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Art & Public Space, Art Projects, Commissions, Commissions & Projects, Exhibitions & Events, Film, Installation

Lucy Skaer: Film For An Abandoned Projector. Pavillion. Leeds

In 1888 the American Louis Le Prince came to Leeds, a Yorkshire city of cobbles and red brick developed by the industrial revolution, and shot twenty frames of film in a relative’s leafy back garden. It is a surprising fact that the first ever moving pictures were shot in Leeds and not in Hollywood, the international home of cinema, but a phenomenon was born. In Leeds today the lasting legacy of this historical moment can be found in a blue commemorative plaque set along a canal towpath and in the handful of ubiquitous multiplex cinemas that ring the suburbs. It may be possible to name Leeds as the birthplace of cinema, but the city has kept its celebration modest. Belatedly, the city has hosted an annual international film festival since 2001 to embrace its indigenous art form.

Artist Lucy Skaer picks up this tale of early film in Leeds with Film For an Abandoned Projector, which the artist says was inspired by Leeds’ status as the primary producer of cinema projection equipment in the mid 20th century. Film For an Abandoned Projector focuses on an abandoned 35mm projector found in the Lyric Picture House, a derelict cinema in the Armley area of Leeds, which since closure has been used as a light bulb factory and a church. Skaer allows the projector to remain in situ, physically cutting through walls to allow the projection beam to shine its course into the cinema’s auditorium once more.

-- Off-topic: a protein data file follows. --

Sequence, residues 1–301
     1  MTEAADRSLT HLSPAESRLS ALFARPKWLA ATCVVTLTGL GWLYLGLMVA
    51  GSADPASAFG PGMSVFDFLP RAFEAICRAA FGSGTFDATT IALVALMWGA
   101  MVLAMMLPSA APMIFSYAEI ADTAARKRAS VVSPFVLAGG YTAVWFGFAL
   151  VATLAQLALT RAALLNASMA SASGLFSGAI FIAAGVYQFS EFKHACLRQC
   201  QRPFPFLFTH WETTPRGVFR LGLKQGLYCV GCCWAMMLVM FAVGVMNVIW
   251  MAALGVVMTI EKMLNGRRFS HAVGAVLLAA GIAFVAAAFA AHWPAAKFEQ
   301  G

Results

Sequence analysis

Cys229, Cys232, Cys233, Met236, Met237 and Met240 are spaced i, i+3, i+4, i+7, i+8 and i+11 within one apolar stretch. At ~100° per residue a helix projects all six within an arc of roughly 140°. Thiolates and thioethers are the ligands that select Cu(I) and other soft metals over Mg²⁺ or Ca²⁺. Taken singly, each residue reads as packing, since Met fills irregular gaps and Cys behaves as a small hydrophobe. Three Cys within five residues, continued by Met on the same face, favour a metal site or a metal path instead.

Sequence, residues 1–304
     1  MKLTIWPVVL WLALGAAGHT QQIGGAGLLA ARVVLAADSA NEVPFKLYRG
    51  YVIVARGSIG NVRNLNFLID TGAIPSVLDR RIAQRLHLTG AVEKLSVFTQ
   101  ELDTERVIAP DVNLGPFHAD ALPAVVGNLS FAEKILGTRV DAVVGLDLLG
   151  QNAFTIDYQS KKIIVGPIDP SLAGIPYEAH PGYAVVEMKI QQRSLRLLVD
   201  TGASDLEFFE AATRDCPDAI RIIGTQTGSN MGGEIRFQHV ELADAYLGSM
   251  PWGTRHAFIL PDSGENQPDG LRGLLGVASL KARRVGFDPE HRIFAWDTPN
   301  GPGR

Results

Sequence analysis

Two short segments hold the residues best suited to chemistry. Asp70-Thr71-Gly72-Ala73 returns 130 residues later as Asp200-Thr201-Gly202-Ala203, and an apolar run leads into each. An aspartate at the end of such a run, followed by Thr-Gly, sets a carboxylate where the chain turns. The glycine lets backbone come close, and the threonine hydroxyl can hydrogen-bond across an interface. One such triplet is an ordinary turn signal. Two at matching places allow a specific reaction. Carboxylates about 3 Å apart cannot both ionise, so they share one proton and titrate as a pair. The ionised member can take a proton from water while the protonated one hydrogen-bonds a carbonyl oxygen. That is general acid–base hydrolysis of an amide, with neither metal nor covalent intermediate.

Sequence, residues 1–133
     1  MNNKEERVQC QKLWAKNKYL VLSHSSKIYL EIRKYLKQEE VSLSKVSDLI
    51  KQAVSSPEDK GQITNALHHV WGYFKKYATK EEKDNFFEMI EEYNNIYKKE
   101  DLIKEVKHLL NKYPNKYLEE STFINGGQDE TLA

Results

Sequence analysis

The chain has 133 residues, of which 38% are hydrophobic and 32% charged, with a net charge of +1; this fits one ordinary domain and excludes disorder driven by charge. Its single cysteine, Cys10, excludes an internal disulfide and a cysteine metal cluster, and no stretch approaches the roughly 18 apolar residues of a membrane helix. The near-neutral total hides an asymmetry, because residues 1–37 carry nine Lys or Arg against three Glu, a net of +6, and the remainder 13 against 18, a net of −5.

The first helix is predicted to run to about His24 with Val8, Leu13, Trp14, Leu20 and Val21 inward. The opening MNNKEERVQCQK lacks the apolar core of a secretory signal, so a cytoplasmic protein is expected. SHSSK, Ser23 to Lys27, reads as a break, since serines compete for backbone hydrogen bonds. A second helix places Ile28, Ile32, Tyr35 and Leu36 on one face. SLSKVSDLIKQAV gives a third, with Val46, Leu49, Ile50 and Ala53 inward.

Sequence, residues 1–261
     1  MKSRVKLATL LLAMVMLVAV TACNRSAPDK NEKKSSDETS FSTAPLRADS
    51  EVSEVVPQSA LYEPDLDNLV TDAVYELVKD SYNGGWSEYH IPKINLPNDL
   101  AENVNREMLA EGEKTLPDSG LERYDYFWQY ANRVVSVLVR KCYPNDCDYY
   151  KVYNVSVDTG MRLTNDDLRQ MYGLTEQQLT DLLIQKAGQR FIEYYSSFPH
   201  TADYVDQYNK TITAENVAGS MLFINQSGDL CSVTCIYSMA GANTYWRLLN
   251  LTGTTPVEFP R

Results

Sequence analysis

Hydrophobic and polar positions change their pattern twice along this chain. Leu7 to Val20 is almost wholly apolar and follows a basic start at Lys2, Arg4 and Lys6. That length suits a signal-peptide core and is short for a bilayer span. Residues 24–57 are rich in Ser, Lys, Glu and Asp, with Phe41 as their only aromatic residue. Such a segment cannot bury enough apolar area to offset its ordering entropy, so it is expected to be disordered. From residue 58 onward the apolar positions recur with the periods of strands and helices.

Film For an Abandoned Projector will re-enact the original function of the building but this will not be the cinema visit that film goers once enjoyed at the Lyric. Shooting original film from mineral specimens Skaer will project her film over a six-month period, the work evolving as the film deteriorates through use. As Skaer explains, “the film seeks to exist as the imagined subconscious of the projector itself”. Though reanimated for a time, the film will bear witness to its material demise and the cinema will become dormant once more.

Film For an Abandoned Projector follows a commission from the arts commissioning organisation Pavillion. The film will be screened every Thursday evening from 29th September to 15th December at Lyric House, Armley, Leeds.  An accompanying programme of events will be hosted by Pavillion throughout the city.

Image: Lucy Skaer: Film For An Abandoned Projector. courtesy of Pavillion.


About Danielle Hewitt

I am an artist, writer, and architectural historian. My interests and practice lay at the intersections of art, literature, architecture, and landscape. In the field of architecture I am particularly engaged in questions of conservation and re-use. I currently co-ordinate the Postgraduate Diploma programme in the Conservation of Historic Buildings at the Architectural Association, London.


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